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MG-112 A KMT2D mutation segregating in a family presenting with autosomal dominant choanal atresia reinforces the kabuki/charge connexion
  1. Lauren Badalato1,
  2. Sali M Farhan2,
  3. Allison Dilliott2,
  4. Robert Hegele3,
  5. Sharan Goobie4
  1. 1Children’s Hospital of Eastern Ontario, Ottawa, ON, Canada
  2. 2Department of Biochemistry and Medicine, Robarts Research Institute, Schulich School of Medicine and Dentistry, Western University
  3. 3Robarts Research Institute, London, ON, Canada
  4. 4Medical Genetics Program of Southwestern Ontario, London Health Sciences Centre, London, ON, Canada


Background Choanal atresia has only been rarely reported in Kabuki syndrome, but is a common feature of CHARGE syndrome. Otherwise, the two conditions have a number of overlapping features, and molecular links between them have recently been elucidated.

Objectives We report a mother and her two children who presented with congenital choanal atresia. All three were found to have a mutation in the KMT2D gene, suggesting that the family has an unusual presentation of Kabuki syndrome.

Design/methods Phenotypic and molecular data on the affected patients was collected. Microarray and CHD7 sequencing were previously normal in the children. Samples from the mother and her unaffected parents were sent as a trio for whole exome sequencing.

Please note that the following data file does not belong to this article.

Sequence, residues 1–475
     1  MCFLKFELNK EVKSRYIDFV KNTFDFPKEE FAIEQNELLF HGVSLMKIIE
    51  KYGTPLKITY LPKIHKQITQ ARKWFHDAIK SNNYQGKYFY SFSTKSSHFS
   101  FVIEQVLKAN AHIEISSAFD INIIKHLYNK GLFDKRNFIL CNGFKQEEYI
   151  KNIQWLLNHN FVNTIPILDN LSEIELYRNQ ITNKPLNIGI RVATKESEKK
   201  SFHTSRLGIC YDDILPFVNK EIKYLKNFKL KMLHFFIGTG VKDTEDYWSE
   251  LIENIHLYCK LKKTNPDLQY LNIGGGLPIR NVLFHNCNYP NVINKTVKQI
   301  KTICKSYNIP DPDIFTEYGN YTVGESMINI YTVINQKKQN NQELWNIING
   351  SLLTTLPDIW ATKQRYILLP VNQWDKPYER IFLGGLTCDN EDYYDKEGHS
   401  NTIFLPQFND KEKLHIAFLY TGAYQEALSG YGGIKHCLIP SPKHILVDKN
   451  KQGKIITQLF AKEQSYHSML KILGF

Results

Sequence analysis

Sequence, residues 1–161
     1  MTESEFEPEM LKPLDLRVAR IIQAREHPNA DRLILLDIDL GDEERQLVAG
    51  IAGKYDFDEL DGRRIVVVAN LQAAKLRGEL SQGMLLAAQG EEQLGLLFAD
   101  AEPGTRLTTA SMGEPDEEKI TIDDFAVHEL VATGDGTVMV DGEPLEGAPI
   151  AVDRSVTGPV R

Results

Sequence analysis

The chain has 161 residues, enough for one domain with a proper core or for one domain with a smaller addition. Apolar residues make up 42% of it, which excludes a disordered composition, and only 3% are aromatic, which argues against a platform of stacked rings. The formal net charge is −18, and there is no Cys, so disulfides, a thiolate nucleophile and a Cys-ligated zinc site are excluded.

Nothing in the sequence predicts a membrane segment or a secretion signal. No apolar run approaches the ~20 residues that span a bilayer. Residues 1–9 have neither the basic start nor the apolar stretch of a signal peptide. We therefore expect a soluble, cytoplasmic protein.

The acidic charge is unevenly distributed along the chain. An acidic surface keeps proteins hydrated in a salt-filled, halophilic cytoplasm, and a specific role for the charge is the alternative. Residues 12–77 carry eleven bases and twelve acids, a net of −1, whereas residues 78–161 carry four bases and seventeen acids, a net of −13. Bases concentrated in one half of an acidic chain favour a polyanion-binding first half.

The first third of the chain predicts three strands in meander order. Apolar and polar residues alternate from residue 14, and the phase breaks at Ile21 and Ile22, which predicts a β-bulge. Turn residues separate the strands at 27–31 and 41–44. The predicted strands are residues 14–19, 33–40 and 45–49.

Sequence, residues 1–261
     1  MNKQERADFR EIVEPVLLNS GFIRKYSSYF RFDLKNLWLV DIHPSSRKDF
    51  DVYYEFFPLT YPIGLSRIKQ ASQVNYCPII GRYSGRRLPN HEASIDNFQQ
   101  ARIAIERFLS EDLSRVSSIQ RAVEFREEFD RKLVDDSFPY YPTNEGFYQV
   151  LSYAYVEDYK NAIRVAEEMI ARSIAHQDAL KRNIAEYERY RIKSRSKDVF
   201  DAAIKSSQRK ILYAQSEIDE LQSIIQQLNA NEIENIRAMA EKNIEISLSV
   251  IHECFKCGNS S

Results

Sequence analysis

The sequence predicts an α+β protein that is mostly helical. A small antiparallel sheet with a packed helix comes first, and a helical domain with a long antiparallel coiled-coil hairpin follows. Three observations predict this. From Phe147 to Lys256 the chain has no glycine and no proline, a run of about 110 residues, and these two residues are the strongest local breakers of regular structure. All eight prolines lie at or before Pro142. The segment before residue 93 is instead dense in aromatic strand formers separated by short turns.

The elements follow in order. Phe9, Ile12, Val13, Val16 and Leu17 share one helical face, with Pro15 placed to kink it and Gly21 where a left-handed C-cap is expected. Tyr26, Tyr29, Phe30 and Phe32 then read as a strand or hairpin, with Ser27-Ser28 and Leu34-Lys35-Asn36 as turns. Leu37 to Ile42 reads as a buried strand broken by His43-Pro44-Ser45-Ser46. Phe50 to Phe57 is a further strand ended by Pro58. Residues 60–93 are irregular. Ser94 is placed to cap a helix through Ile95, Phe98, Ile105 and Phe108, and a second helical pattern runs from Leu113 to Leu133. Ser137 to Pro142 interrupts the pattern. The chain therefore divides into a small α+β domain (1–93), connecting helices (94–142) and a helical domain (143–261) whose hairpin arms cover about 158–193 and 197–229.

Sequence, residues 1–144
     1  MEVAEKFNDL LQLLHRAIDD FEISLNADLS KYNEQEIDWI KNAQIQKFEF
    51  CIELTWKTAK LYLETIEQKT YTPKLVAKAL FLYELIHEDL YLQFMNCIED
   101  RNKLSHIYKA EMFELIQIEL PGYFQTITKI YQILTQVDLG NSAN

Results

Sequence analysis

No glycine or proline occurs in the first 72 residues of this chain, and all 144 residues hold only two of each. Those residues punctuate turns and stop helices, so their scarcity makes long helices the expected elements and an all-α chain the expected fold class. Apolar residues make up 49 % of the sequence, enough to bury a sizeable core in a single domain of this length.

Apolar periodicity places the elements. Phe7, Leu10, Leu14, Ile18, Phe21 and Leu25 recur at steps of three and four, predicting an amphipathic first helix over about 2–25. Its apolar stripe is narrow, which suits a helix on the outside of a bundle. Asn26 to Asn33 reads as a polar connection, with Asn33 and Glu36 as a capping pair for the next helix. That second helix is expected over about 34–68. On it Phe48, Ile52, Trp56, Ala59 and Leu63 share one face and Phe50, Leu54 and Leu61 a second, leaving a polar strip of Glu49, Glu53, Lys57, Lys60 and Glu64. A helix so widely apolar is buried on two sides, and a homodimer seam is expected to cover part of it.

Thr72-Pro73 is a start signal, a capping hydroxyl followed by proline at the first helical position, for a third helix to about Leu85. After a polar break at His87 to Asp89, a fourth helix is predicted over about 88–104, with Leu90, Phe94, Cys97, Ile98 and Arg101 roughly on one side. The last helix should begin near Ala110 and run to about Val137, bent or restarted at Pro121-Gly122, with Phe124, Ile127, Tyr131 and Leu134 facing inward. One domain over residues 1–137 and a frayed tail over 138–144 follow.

Results The facial features in the family were not typical for Kabuki syndrome, but were highly conserved among affected individuals; they included short palpebral fissures, anteverted nares, tall forehead, and prognathism. All three had bilateral choanal atresia, high arched palate, hypodontia, hearing loss, fetal fingertip pads, and speech delay. One or more had mild learning difficulties, bifid uvula, atrialseptal defect, and scoliosis. A de novo dominant missense mutation in KMT2D was found in the mother (p. Q3575H) and confirmed in the two children. This mutation has not been previously reported in the literature or in ExAC Browser.

Conclusions We report a unique phenotype associated with a novel mutation in the KMT2D gene. Our findings further demonstrate the overlap of features of Kabuki and CHARGE syndromes, and reinforce the potential association between these conditions.

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